Mexico Permits: Business Aviation Guide
All operators traveling to Mexico — private non-revenue, charter (non-scheduled commercial), follow different landing permit arrangements. Therefore, your landing permit process depends entirely on your flight purpose.
This article will go over everything you need to know about Private and Charter Ops permits, including the benefits of blanket permits and what’s considered cabotage in Mexico.
Private Non-Revenue One-Shot Mexico Permits
Private non-revenue permits for Mexico are available as a one-shot or annual, depending on the needs or preferences of the operators.
A 24-hour lead time is recommended to obtain a private one-shot permit
The permit is processed on arrival, but the local authority must be notified that the aircraft will be arriving. For any permit, the airport commandante needs to see original documentation, not copies, on arrival, and processing time varies depending upon the airport.
Mexico Annual Permits (Multiple Entry Permit) for Private Ops (Changes in 2023)
An annual Mexico permit allows unlimited private entries into Mexico and any number of stops within the country, saving operators the time of applying for single-entry permits.
Effective in spring 2023, these are no longer processed through AFAC. Instead, all annual permits will be processed through local authorities when an aircraft arrives in Mexico.
The permits will now list the crew (pilots) authorized to use the permit.
In most cases, the local authorities will issue the permit only with the names of the crew who arrive. However, some authorities accept a letter with ALL crew who can operate that aircraft and issue the permit with all crew names.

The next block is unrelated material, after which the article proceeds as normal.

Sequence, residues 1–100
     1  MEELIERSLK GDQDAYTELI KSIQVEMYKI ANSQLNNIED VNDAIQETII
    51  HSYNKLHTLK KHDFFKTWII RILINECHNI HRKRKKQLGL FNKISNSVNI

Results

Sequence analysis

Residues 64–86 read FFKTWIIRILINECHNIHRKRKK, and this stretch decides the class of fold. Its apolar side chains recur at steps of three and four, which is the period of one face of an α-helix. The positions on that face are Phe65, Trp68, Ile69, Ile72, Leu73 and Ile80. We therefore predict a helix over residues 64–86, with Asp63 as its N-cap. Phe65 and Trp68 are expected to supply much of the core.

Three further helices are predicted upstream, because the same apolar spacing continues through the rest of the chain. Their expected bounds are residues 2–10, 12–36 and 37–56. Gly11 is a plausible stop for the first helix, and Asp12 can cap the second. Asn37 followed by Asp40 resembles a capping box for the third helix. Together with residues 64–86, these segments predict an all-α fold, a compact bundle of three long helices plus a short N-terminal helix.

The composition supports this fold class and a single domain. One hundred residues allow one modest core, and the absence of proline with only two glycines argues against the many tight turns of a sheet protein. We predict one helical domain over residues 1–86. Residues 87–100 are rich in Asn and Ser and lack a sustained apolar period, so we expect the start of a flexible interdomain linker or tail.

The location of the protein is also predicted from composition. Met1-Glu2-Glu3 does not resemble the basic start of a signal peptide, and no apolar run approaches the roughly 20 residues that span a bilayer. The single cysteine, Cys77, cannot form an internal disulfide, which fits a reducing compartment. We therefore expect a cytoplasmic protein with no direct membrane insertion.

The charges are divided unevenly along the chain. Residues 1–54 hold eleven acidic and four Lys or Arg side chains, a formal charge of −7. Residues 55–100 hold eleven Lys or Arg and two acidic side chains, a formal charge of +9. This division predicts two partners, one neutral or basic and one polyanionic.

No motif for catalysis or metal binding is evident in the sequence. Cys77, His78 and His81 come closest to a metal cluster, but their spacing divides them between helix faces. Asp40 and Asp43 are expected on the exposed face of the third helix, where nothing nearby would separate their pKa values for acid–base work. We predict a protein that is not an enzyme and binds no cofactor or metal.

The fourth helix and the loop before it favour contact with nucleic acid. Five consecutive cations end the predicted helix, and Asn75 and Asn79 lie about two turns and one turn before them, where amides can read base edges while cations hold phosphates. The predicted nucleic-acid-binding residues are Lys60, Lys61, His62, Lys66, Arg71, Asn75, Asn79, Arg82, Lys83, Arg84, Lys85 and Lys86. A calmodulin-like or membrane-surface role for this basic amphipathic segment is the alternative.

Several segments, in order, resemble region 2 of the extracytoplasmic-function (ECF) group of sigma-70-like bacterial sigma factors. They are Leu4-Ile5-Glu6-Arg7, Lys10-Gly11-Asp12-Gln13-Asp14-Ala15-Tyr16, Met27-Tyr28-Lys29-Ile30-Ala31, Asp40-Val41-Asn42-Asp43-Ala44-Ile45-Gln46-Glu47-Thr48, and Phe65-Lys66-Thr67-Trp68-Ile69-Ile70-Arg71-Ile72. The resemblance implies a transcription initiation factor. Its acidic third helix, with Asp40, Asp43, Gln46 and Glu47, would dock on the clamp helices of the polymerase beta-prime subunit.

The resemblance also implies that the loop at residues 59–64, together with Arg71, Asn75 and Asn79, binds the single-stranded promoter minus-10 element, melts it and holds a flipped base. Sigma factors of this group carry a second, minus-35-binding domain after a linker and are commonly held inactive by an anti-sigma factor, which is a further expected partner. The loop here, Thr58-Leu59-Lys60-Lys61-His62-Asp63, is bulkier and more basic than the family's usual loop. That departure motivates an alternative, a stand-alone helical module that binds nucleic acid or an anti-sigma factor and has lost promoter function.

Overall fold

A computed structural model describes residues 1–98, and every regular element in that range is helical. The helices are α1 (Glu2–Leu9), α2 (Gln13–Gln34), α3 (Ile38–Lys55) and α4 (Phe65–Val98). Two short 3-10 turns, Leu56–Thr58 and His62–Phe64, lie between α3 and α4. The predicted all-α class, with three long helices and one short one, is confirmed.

If a permit is issued with a list of crew only, those crews can use the permit. If a crew member does not appear on the list, a new annual permit must be obtained, and the previous permit will be canceled.
The recommended lead time for an annual private permit is at least 72 hours. Still, these can often be processed on shorter notice.
Note that annual permits expire on Dec. 31 each year, regardless of when you request the permit. Therefore, revisions to annual permits are not possible. If anything changes, a new annual permit must be obtained.
The annual permits for private non-revenue operations are aircraft-specific. Annual permits require monthly statistical reports showing any flight activity to Mexico, even if you don’t have any flights that month.
Contact Universal’s Global Regulatory Services team for more information on applying for an annual Mexico permit.
Charter One-Shot Permits
For charter operations to Mexico, a maximum of three one-shot permits are allowed per operator and not per aircraft. This is a change as of 2023. Previously, five one-shot permits were allowed per operator.
After requesting three one-shot permits, operators are required to have a blanket permit.
Again, this is per operator, not aircraft. Although this restriction is country-wide, thus far, we have only experienced enforcement of this rule in MMUN, MMPR, MMGL, & MMCZ. However, the regulation should be followed for ALL airports in Mexico.
After you’ve reached the three-one-shot permit limit, the best practice is to apply for a blanket permit and carry a stamped copy of your application to prove it’s been applied for. Operating charters to Mexico beyond the three permitted one-shots is not usually an issue, so long as you present a stamped blanket permit application on arrival with all required original documents.
Blanket Permits for Charter Ops
Blanket permits are still challenging to obtain. They require significant paperwork and a very long processing time (minimum 90 days).
Only aircraft equipped with the following equipment can be listed on the blanket permit: ELT, CVR, FDR, TCAS II, TAWS/GPWS, & Transponder.
If an aircraft does not meet this equipment requirement, it cannot get on the blanket permit. The aircraft can still do a one-time permit. However, you are then subject to one-shot permit limit restrictions.